The U.K. just announced it will ban the installation of Huawei 5G gear by the end of September 2021 and the FCC rejected a petition from ZTE asking for reconsideration of their finding that the Chinese company is a national security threat to communications networks. Meanwhile, ByteDance is trying to meet the requirements of both the U.S. government and China’s new Export Control Law so that TikTok can continue to exist in the U.S.
The U.S. is also pushing to persuade countries like Brazil to shun Chinese equipment as they develop their digital infrastructures, offering financial assistance to use Washington-approved alternatives. This led to Brazil’s top four telecom companies refusing to meet with a senior U.S. official advocating for exclusion of Huawei from the Brazilian 5G market. In their home country of China, Huawei and other tech companies are grumbling about Nvidia’s acquisition of U.K. chip designer Arm (the deal is still awaiting regulatory approval).
Across the world today, people are using smartphones made in China, and have personal information scattered around various data centers in India or the Philippines, via hosted service providers and call centers. Data is now fluid, mobile and global – that genie is out of the bottle and embargos against specific companies’ or countries’ technologies will ultimately have limited impact from a security perspective.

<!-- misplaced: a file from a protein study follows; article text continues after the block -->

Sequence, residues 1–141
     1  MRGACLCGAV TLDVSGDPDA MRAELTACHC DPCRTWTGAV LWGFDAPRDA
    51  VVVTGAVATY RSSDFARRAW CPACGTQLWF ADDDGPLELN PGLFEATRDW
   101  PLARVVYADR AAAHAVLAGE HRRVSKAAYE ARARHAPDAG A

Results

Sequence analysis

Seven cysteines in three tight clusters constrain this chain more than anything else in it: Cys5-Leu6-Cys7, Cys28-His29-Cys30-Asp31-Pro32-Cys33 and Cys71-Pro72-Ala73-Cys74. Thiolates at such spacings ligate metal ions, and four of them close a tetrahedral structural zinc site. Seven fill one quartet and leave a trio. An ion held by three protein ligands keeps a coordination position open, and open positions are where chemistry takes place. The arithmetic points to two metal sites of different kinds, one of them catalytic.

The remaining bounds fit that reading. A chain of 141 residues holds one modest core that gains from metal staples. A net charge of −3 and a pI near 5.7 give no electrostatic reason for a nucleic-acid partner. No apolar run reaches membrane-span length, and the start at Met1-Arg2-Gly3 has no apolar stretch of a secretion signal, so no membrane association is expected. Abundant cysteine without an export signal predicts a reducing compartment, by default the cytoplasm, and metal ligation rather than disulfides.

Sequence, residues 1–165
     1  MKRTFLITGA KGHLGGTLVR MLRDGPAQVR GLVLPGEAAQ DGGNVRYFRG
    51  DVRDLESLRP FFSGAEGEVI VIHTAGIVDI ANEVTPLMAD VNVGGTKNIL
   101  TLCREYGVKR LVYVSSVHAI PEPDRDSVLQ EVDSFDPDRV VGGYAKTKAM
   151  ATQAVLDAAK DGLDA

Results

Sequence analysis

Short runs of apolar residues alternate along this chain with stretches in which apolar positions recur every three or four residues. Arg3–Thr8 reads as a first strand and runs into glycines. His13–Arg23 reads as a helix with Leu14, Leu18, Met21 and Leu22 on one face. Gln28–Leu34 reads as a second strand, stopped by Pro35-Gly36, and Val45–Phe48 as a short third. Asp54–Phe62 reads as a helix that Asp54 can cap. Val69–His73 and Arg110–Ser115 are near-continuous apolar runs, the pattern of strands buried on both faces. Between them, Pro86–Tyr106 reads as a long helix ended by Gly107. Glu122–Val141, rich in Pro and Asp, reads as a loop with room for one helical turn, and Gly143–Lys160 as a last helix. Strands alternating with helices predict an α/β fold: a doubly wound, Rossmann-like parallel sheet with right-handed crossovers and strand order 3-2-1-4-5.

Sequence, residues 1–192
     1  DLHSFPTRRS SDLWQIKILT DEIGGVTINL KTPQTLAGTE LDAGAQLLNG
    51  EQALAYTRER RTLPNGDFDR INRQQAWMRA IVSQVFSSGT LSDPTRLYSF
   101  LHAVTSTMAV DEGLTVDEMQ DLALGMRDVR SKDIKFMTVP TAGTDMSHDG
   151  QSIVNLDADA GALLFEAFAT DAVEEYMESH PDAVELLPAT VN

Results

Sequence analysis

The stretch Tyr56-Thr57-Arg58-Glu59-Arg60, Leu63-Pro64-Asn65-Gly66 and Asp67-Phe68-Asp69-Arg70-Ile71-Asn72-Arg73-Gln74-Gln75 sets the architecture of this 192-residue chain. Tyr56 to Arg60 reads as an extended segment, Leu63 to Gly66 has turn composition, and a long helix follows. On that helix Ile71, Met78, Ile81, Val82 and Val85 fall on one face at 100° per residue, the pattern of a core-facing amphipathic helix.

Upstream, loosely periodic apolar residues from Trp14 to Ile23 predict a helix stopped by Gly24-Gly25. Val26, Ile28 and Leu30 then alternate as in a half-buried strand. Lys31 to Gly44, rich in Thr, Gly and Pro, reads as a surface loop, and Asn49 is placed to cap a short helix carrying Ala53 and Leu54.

A false sense of security
Techno-nationalism is fueled by a complex web of justified economic, political and national security concerns. Countries engaging in “protectionist” practices essentially ban or embargo specific technologies, companies, or digital platforms under the banner of national security, but we are seeing it used more often to send geopolitical messages, punish adversary countries, and/or prop up domestic industries.
Blanket bans give us a false sense of security. At the same time, when any hardware or software supplier is embedded within critical infrastructure – or on almost every citizen’s phone – we absolutely need to recognize the risk.
We need to take seriously the concern that their kit could contain backdoors that could allow that supplier to be privy to sensitive data or facilitate a broader cyberattack. Or, as is the lingering case with TikTok, the concern is whether the collection of data on U.S. citizens via an entertainment app could be forcibly seized under Chinese law and enable state-backed cyber actors to then target and track federal employees or conduct corporate espionage.
We cannot ignore that nation states around the world are increasingly turning to cyber operations to gather intelligence, wield influence, and disrupt their adversaries. But we must remember that technology made by those close to home, in proximity or ideology, does not put them out of reach of compromise or automatically make it more secure.